Another reason why this makes sense to use Google’s Android OS is because it is open source and can be configured however NASA desires. NASA can modify the source code of the OS they want on the devices and then flash it to their satellite.

In 2010 a group of engineers put two Nexus One devices into high altitude rockets to see if they could handle the extreme forces of launching. One of the Nexus One devices was destroyed when its parachute did not deploy, but the other Nexus One landed and was in perfect working condition. Both devices recorded data during the entire ride.

Watch this Youtube Video Here

How to Get Pulse News Reader on the BlackBerry PlayBook

Pulse news reader is a great news feed application that has been available on Android devices and in Apple’s App Store. It is not available on any BlackBerry device, though I could definitely see it running nicely on a BlackBerry 10 device.

Pulse is by far one of my favorite news feed applications and it is one of the most unique in it’s layout. I figured that there would be a Pulse application available for the PlayBook by now but that sadly is like a lot of other great apps that could be and should be on the PlayBook but aren’t.

If you know how to sideload Android apps onto your PlayBook, either by using your computer or doing it the way I prefer which is by using LocalBar2 on my PlayBook and my Bold. With LocalBar2 you can download the .bar files on your PlayBook and use your BlackBerry or Android device as a proxy server to install the apps directly to your PlayBook with no need for a computer or wires of any kind. Visit Yohanes Nugroho’s LocalBar2 site Here. Also note (I assume that LocalBar2 will work on most OS versions on the PlayBook, as I am currently running Beta OS v2.1.0.840 and it works just fine).

Here’s the .bar file for Pulse News Reader for BlackBerry PlayBook.

Besides doing that as many already know Pulse recently released a Pulse news reader website. The site is http://pulse.me and it is a great looking site and works beautifully.

I have found that the new Pulse website actually works very well on the BlackBerry PlayBook’s default browser and I have been using it lately, though of course there are little annoyances’. Like when scrolling at times articles you touch will move to saved articles.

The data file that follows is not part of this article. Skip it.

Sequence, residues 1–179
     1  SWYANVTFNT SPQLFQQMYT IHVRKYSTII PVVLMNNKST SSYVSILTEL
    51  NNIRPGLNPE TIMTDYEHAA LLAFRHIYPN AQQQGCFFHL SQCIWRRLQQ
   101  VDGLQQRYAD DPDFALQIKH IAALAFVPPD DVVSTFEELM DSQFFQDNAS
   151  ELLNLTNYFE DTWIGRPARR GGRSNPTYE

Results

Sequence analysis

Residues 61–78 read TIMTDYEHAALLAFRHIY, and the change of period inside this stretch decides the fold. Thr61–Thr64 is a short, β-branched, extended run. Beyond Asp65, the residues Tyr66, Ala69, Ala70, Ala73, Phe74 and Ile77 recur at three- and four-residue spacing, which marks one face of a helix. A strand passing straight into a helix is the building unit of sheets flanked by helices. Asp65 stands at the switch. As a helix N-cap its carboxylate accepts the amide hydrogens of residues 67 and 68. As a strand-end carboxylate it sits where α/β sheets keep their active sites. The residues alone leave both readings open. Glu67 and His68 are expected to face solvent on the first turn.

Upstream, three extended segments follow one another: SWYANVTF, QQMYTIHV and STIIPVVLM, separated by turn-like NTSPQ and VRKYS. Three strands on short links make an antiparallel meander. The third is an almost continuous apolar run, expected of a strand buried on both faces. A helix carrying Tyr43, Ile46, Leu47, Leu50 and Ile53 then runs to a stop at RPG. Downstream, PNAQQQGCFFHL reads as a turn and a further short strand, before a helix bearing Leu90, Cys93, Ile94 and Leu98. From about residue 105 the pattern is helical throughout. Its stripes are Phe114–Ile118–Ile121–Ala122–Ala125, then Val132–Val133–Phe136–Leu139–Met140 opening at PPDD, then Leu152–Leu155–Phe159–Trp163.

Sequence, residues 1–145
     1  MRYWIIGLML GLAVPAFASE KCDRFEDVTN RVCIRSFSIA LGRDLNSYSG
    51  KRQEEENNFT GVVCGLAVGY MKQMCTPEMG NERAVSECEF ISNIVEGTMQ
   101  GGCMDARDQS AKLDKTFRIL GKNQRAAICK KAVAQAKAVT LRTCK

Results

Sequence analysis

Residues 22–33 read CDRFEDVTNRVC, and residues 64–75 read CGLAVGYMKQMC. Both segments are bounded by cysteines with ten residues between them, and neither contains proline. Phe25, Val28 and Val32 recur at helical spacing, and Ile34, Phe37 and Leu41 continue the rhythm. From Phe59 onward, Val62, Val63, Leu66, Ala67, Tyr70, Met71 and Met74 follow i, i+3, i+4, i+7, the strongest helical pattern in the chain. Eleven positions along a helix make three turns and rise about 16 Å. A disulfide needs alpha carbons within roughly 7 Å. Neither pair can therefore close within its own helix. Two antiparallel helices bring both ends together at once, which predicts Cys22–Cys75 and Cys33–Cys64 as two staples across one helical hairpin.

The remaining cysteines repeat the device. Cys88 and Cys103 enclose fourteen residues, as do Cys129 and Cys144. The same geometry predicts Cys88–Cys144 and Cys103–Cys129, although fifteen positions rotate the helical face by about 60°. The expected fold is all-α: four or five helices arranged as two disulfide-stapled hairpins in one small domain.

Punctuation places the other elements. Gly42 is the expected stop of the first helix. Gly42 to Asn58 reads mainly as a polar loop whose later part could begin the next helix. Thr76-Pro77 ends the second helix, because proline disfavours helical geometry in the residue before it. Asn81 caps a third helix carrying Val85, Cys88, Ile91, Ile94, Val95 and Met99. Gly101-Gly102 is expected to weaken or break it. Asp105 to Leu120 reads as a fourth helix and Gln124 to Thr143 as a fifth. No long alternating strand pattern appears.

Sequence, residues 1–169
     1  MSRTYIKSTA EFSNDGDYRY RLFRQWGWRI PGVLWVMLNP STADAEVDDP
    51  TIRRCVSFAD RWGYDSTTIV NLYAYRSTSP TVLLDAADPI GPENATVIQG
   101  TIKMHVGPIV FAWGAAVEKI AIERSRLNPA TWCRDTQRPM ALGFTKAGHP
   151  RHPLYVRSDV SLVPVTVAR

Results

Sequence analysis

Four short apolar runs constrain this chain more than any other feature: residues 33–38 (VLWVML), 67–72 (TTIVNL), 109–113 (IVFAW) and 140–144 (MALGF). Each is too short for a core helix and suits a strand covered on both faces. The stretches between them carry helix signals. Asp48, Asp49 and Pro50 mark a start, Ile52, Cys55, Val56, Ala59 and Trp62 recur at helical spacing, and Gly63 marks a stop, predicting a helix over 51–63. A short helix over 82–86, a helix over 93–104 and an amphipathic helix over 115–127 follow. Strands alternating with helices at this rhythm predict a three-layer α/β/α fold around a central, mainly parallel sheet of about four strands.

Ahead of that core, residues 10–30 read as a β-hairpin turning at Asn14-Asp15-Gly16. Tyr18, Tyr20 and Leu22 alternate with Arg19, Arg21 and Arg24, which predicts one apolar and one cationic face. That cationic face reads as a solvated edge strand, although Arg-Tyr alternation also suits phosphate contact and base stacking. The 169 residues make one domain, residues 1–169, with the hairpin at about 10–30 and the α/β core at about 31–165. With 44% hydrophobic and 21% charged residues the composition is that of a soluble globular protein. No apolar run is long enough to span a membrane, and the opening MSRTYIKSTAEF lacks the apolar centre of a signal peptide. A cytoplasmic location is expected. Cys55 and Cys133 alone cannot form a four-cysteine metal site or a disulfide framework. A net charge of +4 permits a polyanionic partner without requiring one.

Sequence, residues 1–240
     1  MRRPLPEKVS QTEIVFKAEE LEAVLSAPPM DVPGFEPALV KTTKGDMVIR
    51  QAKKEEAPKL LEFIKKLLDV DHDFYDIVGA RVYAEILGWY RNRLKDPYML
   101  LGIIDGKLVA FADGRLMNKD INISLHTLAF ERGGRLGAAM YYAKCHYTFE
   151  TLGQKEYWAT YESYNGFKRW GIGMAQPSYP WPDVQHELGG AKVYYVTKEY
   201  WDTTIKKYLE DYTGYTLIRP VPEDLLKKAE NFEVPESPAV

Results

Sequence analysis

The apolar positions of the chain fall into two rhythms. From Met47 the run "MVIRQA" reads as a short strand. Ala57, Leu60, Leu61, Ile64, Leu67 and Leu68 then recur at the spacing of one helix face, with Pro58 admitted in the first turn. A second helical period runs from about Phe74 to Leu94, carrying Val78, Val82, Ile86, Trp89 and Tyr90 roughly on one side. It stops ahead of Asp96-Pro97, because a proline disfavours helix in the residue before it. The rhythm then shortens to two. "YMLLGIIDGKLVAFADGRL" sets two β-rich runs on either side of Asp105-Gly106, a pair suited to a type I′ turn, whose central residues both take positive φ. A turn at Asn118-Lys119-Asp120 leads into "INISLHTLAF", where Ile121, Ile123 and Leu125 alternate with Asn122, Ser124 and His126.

So if you are a fan of Pulse and you would like to be able to view Pulse news on your PlayBook these are two simple suggestions.

Android-Powered Smart TV From Tencent and TCL

The above image is a 26-inch Android-powered Smart TV From companies Tencent and TCL. It is called the “Ice Screen”and it is the first large screen mobile entertainment smart cloud product in the world.

Some major features included are:

    • Large portable screen
    • High-definition video communications
    • Stylish music and photo album
    • High-speed video player

It is powered by a dual-core Cortex A9 1GHz processor with a Mali 400 GPU for graphics, 4GB of RAM, a microSD slot, USB and HDMI connectivity, 1366 x 768 resolution Wi-Fi and a 3.5mm headphone jack.

The launch date is September 3rd, it is going for roughly $315. You can read the press release Here.

Source: Ubergizmo

Tablet Comparison Chart 2012 (Amazon, Apple, BlackBerry and Samsung)

This is a chart that Research In Motion has made and they call it their “Sales Battle Card”. It is a comparison chart between the 4G LTE BlackBerry PlayBook, Apple’s New iPad, the Samsung Galaxy Tab 2 10.1 and the Amazon Kindle Fire.

As you can see the BlackBerry PlayBook definitely blows the competition away. But sadly most people won’t see this chart or they won’t take time to look and compare for themselves. The PlayBook really is an amazing device, I just don’t think people are going to give it the notice and credit it deserves, not trying to be too bias here, but mainly people won’t except the PlayBook for what it is because it isn’t an Apple product and it’s not called the iPad.

BlackBerry phones do have there fair share of problems, I am definitely a hardcore BlackBerry user and my Bold 9900 is constantly giving me problems. So I can understand peoples frustrations with BlackBerry devices. But honestly if BlackBerry 10 is anything like what is promised and since it is built with QNX software like the PlayBook is and it will have similar functionality as the PlayBook, I think BlackBerry 10 is really going to be a smartphone worth trying even if you dislike BlackBerry.